Growing up in a Kenyan village where there is the huge Komala hill to the east, an extensive Nyabondo plateau to the North and beyond the plateau, the famous Homa hills, I have always loved geographical features. I loved the beauty such features created on the landscape. When I was a little bit older, about ten years old, my dad took me to a famous tor in the western part of Kisumu. It is called Kit Mikayi. Kit Mikayi means “the stone of the first wife” in the Luo language. This was a journey of hundreds of discoveries, legends and beliefs about this rock. This tor is one of the most visited tourist sites in the western part of Kenya.
The famous tory behind it talks about a man, who had really fallen in love with this stone. Each morning, he would go into the cave below the rock. From where he would take his meals, meditate and talk to the gods all day long until sunset. So his wife said the stone was the man´s first wife. This tor has meaning beyond the pillar of rock that I saw at the first sight-breathtaking. The site is associated with sacrifices and many legends and a very popular local pilgrimage site for the followers of the Legio Maria sect who visit the rock to pray and fast.
While so many tourists-both local and foreign-come for sightseeing and having fun, they actually create a very big social impact to the community living around this legendary tor. Normally there is a small entrance fee paid before accessing the site. There is a council of elders who distribute this money so as to benefit all the members of the community in an equitable way. For instance, Ngóp Ngeso Primary School which is found within the vicinity was created thanks to the funding from the tourism. Ngóp Ngeso Primay is a mixed day school, now run by the central government. More than sixty percent of the school going children from this area benefit from the free education at the school.
There a social welfare group created as a result of the same touristic site. These are especially formed by women with an objective of presenting the Luo culture and entertainment to the tourists. This includes traditional music, choreographies, dances and sometimes food. The women earn a living from here. Most of these women live with vulnerable and orphaned children. The income is directed toward supporting such children with their daily basic needs.
So each time I returned there to enjoy the beautiful scenery, I have always had in mind that I am making an impact in someone´s life-be it the elderly woman showcasing the dances or the school-going child who needs my support. I realized, “Nothing is as satisfying as enjoy such scenery having in mind that you are helping someone somewhere.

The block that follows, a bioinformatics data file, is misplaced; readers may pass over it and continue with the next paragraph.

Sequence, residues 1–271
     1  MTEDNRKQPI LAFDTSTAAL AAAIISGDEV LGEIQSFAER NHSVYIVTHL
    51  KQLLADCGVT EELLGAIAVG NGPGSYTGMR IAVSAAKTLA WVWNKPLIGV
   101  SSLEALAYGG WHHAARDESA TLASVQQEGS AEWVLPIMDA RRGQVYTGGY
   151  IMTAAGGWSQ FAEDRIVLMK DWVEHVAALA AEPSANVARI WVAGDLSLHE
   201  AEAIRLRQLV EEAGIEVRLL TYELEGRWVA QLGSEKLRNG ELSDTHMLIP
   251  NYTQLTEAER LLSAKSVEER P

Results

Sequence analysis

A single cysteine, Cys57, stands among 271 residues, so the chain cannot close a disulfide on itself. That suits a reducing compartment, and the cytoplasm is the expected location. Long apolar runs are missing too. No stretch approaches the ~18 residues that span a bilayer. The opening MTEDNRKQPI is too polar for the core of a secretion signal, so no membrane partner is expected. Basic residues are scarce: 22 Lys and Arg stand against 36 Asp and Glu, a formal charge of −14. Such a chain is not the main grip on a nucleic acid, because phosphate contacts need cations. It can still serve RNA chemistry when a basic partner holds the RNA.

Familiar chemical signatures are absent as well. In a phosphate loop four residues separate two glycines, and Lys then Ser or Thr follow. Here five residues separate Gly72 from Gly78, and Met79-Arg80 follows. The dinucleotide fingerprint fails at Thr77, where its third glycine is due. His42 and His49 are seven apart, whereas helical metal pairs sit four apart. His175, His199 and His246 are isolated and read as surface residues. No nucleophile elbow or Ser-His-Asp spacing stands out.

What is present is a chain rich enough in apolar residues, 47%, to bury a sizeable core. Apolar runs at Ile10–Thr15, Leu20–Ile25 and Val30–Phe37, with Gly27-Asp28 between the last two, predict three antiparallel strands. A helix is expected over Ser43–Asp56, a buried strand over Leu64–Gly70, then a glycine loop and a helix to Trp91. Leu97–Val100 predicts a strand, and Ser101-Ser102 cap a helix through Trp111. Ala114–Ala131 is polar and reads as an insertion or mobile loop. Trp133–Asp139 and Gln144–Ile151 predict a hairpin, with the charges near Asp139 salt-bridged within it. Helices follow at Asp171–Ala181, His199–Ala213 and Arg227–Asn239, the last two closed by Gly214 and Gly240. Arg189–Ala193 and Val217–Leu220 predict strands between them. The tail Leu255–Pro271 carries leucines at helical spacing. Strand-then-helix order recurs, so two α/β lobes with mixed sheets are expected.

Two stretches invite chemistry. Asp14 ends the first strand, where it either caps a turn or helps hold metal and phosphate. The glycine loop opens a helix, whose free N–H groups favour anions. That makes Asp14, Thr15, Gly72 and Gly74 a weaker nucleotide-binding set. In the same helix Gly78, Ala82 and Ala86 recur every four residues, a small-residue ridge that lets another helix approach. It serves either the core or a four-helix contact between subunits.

¡Shadows! Shadows? Yes, let us speak a little about shadows. You have probably heard of this word although you might have not paid much attention to it as it deserves. There is a taboo of a famous ethnic group of Kenya inhabiting the western part of the country. In this region, both the living and the dead are held in very high regards. In a community where agriculture is the main economic activity, traditionally after each harvest, a sacrifice is offered to the ancestors. This ceremony is always done in the nights of the full moon, around a fire where the sacrifice is burnt. Stop a bit. Why just during nights of the full moon? Well, it is because the shadows are more visible and this allows the incorporation of the dead in the ritual. It is a belief that the souls of the dead are pleased by the smoke that comes out of the fire that is lit up. Each family, including children, always meets after the harvest of the crops to do this ritual. In these moments the dead supposedly rise from the tombs and unite with the families in forms of the shadows. Shadows? Yes, shadows. They cannot be seen but it is believed that they are present. Therefore, it is said that when the smoke starts rising from the fire is forbidden to look the shadows. The power of these souls of the dead can lead one to the rivers and even kill him. Although this taboo has changed over time, people still continue respecting it. For example, today the parents threaten to the children not to look at their shadows in the night during dinner. They say this so that the children can concentrate on their food and not get distracted from the stories told during the family dinners.
Now you can understand why I, a western Kenyan, eat without looking at my shadow during the night; it's a part of my culture. Yes, the shadows.